Tuesday, January 31, 2012

Smart, Post-Apocalyptic Fiction: Nick Harkaway's Gone-Away World

Nick Harkaway's The Gone-Away World isn't an easy book to describe, which, perhaps not surprisingly, makes it a difficult book to explain why I'd recommend it.

I could list the exciting things you'll find in the book--ninjas, the apocalypse, love, war, mimes, things that shouldn't exist but somehow do.

I could tell you about some of the fascinating characters--Ma and Old Man Lubitsch with their donkeys, Sally Culpepper with her beautiful legs and creamy skin, Master Wu with his ninja traps.

I could tell you about the way that Harkaway uses language with amazing precision and beauty.  Take, for example, this sentence: "In the morning, the war comes back, like dandelion seeds."

But if I try to split The Gone-Away World up into its parts, it doesn't make any sense.  It doesn't do justice to the fascinating amalgam of philosophy, chemistry, physics, politics, economics, martial arts, pop culture, literature, and who knows what else that Harkaway has put into this novel.  And so that means I need to come up with a way to describe the whole of the book--a task perhaps even more difficult than describing everything that the novel contains.

But after thinking about it for some time, I think I've finally come up with something, so here it is:

The Gone-Away World is one of the smartest novels I've ever read.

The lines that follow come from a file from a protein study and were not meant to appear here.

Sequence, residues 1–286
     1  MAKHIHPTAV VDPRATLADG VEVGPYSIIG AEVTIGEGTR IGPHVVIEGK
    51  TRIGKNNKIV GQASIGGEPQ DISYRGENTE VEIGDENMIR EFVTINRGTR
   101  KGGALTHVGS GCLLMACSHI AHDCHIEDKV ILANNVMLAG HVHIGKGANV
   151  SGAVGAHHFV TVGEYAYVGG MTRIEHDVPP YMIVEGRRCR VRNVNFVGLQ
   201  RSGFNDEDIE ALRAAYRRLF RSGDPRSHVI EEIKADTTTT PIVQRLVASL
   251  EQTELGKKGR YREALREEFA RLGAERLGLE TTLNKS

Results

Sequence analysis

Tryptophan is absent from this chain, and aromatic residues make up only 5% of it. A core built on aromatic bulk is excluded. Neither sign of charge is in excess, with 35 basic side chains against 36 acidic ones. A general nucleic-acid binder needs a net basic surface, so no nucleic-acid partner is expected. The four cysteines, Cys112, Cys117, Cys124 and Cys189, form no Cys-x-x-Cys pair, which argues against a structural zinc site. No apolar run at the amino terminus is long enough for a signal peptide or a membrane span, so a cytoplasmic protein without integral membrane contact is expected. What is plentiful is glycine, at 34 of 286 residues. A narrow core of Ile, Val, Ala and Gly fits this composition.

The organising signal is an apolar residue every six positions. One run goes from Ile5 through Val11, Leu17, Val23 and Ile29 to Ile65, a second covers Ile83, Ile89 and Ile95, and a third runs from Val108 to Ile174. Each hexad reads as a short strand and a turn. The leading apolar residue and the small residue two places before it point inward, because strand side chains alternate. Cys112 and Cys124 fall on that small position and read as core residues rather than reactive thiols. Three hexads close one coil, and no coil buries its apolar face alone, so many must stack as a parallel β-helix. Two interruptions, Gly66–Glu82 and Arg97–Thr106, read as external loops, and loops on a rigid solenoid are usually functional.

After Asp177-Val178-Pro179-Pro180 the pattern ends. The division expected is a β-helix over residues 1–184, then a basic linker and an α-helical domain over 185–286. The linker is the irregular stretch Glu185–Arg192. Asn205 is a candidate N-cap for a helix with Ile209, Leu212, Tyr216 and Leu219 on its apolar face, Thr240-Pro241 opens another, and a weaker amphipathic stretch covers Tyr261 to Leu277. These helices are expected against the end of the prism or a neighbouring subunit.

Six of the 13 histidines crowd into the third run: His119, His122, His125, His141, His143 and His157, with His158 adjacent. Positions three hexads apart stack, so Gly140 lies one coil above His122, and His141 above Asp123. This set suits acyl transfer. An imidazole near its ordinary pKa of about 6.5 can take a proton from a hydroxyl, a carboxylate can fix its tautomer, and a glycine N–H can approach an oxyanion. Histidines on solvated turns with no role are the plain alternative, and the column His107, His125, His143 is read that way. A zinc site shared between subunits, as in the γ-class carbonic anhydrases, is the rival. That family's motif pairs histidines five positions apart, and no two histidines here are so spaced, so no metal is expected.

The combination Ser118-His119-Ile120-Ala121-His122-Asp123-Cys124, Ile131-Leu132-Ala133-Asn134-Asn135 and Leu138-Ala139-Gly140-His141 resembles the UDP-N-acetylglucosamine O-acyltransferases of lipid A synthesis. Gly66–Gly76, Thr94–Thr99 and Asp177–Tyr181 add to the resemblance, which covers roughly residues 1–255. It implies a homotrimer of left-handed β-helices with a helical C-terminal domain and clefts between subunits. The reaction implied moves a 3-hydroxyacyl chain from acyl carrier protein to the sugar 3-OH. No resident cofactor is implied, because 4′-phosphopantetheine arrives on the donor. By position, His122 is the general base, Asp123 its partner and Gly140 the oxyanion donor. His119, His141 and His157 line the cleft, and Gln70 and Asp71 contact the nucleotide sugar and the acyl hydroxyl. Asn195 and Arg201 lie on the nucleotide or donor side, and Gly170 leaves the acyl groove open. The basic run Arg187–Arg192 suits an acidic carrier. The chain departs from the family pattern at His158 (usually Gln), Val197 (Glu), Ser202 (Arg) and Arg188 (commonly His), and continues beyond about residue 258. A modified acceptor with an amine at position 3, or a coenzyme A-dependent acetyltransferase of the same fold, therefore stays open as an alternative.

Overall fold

What makes it so smart, you might ask?

Well, a lot of things.  For starters, Harkaway's writing style is hilarious.  He uses narrative asides to great effect, creating many one-liners that I want to post on my office door.  And these aren't fluffy jokes--they're witty insights and clever connections.  It's not every novel you read that deliberately connects Hobbes the philosopher with Hobbes the tiger, but The Gone-Away World does it, and does it well.

As this Hobbes/Hobbes inclusion might suggest, The Gone-Away World also demonstrates an amazing range of knowledge--I was continuously impressed by the variety and depth of subjects that Harkaway incorporated into the plot line. 

And then there's the plot itself.  The novel opens with a narrator and his team responding to a disaster set in this futuristic, post-apocalyptic "gone-away world," and then there's a 200+ page flashback where we learn about the narrator and the events that have led up to this point.  I was blown away about halfway through the novel when things return to the present and I realized what "The Gone-Away War" actually meant, but even more interesting is what happens after this revelation.  Harkaway explores questions of morality, humanity, friendship, and identity in a way that made me go back and re-read passages to make sure that I was really understanding what he was saying.  As a literature professor who is interested in the humanities more generally, I would love to teach this novel because of the way Harkaway addresses complex philosophical questions in an exciting new way.

On top of that, I really enjoy the fact that the version of the novel that I have has a pink and green fluorescent fuzzy cover.  Now, I know that authors often don't have much say over the covers of their books, but whoever did this one hit it right on the money.  The odd juxtaposition of colors into a seamless whole and the shadowing of the author's name with the title of the story both reflect what is going on in the novel, while providing additional food for thought about the relationship between the unnamed narrator and Nick Harkaway himself.

For a novel to be able to move from pink fuzz and Hobbes the tiger to Newton's laws and Hobbes the philosopher--now that's smart.  And that's worth reading.

1 comment: